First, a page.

Jack For Good: Interview with Jack O'Rourke

Lauded by the likes of Tom Waits and Bill Withers, Cork musician Jack O’Rourke talks to Edwin McFee about his debut album Dreamcatcher, his internationally acclaimed song ‘Silence’, and why he doesn’t want to be pigeonholed.

At the time of going to press, Dreamcatcher, the debut album from rising Cork-bred tunesmith Jack O’Rourke is currently sitting pretty in the top five of the Irish album charts. The product of years of hard work, the award-winning writer (more on that in a bit) was understandably chuffed with his achievement when we caught up with him.

“I’m really fucking proud of what I’ve achieved this year,” he beams. “Dreamcatcher is the only independent release in the top 30, so it’s a great moment for me, my band and PR team. We’re at a grassroots level and are doing everything ourselves without support from any labels, so it feels good and I’m glad people are enjoying it.”

Another success for O’Rourke is his sterling new single ‘On The Downlow’. A sort of reimagining of Roy Orbison’s evergreen ‘I Drove All Night’, the singer tells us that the current radio hit was part of his plan to make his piano-based music as unpigeonhole-able as possible.

“Initially there wasn’t much adornment on the track and I told my producer [Christian Best] I wanted it to sound like an updated ’80s power ballad. I particularly loved the production of that Roy Orbison song and we took it from there.

“I’ve released a lot of different types of songs over the last year or two and I’ve made a conscious decision to try to avoid getting put in a box. We’re in this culture of people wanting to pigeonhole music and that’s only increasing, so I want to avoid that as best I can.”

Describing the recording process for his debut as “relaxed and chilled” (two words which are rarely used in relation to making one’s first ever album, in fairness), the songwriter credits the easy birth of Dreamcatcher to having confidence in his songs and a bunch of stellar musicians beside him to aid and augment his vision.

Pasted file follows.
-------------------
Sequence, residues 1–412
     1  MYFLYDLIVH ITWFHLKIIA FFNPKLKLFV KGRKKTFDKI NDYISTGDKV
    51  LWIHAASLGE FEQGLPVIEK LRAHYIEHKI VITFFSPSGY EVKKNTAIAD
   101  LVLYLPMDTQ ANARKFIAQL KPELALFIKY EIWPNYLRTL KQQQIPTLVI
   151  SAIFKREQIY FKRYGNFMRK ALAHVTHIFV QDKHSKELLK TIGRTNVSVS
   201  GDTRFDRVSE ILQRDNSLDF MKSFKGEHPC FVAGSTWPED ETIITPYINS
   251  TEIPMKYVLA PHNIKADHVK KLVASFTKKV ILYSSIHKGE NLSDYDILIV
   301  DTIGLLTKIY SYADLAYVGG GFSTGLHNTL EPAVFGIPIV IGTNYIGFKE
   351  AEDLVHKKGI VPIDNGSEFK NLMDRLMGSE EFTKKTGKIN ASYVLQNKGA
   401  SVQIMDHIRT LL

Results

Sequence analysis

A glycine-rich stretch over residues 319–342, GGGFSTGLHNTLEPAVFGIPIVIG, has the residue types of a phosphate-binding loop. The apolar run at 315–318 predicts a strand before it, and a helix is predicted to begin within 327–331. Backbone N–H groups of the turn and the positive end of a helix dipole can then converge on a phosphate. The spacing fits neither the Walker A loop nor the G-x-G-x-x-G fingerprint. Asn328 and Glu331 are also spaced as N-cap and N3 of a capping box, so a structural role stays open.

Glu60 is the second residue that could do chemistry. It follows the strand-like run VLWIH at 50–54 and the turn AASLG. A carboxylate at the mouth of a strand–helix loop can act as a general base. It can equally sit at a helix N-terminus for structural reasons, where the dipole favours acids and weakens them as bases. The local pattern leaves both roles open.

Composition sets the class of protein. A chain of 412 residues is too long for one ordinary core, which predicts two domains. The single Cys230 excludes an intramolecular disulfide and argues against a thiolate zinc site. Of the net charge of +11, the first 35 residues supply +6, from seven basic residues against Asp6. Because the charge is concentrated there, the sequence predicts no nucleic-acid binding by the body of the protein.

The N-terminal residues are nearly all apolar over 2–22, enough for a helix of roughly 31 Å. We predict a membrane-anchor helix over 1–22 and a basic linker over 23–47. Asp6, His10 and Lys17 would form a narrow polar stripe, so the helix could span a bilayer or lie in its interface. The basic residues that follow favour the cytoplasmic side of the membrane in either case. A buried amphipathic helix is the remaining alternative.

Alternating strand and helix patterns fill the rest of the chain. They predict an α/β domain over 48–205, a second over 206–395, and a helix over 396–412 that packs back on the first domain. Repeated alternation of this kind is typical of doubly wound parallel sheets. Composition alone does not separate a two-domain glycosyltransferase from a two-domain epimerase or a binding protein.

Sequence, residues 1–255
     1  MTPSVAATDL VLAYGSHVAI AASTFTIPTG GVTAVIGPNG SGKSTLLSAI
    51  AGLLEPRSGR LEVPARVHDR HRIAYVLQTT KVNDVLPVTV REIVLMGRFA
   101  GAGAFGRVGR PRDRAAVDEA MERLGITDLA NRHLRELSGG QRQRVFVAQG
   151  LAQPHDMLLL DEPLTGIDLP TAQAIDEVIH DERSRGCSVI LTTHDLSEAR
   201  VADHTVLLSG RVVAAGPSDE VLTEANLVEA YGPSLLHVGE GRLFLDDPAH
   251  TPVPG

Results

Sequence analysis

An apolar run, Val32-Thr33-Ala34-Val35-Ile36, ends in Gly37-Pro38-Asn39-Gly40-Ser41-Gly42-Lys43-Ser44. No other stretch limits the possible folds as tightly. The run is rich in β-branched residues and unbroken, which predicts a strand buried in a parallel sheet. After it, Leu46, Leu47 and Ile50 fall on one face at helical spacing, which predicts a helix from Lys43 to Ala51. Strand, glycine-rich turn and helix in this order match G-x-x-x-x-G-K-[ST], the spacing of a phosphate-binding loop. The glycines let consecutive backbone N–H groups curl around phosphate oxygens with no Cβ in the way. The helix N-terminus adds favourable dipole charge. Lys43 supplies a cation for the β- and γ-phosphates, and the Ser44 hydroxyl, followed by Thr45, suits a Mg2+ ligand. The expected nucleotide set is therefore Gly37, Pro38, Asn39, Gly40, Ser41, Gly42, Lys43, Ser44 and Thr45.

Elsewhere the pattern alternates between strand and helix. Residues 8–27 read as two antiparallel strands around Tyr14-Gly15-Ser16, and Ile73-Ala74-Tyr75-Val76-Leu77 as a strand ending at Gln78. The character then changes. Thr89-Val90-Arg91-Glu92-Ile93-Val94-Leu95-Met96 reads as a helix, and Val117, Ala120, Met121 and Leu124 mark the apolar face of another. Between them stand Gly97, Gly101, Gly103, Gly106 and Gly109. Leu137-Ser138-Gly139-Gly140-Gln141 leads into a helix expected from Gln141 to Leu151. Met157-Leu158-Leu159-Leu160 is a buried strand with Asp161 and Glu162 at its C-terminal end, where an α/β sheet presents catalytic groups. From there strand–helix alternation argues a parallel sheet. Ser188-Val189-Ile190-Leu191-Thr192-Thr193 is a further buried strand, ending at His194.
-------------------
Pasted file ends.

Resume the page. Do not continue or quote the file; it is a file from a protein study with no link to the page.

“The recording wasn’t as stressful as it could have been,” he offers. “Not to sound arrogant, but I had a high standard of what I wanted the album to sound like and I had – and have – some excellent musicians with me, so that took some of the anxiety away.”

One of the key moments on the album is a tune entitled ‘Silence’. A semi-autobiographical story of a boy realising he’s gay, the song has since become something of an anthem after it was adopted by both Amnesty International and Yes Equality.

“It was a proud moment for me but I didn’t really envision it becoming an anthem,” says O’Rourke. “I think the song goes beyond sexuality and could be about any type of suppression. I think everybody, no matter who they are, can relate to that. During the marriage referendum I was heavily involved in the Yes campaign and when I was out canvassing, people told me they were going to vote No until they heard that song and it changed their opinion, which meant a lot.

“I think it touched a nerve with a lot of folks because it wasn’t trying to preach something, or push a view on someone. It was a story of a child who was a little different, told rawly.”

And it wasn’t just the people of Ireland who were moved by ‘Silence’. None other than Tom Waits and Bill Withers were also smitten with the song, which fended off 80,000 other entries in the International Songwriting Competition to win first prize in the Lyrics Category.

“It was a great feeling winning the prize, especially as Tom Waits and Bill Withers were judges,” says Jack. “The fact that they liked the words of the song, particularly as there’s so many Irish-isms and Cork slang in it, meant it translated on a universal level which was good to hear.

“It’s a weird one because art should never be a competition. I’m always reminded of that Neil Young quote, ‘Competitions are for racehorses’, but the fact that ‘Silence’ received that accolade has certainly helped bring attention to my music.”

Dreamcatcher is out now.


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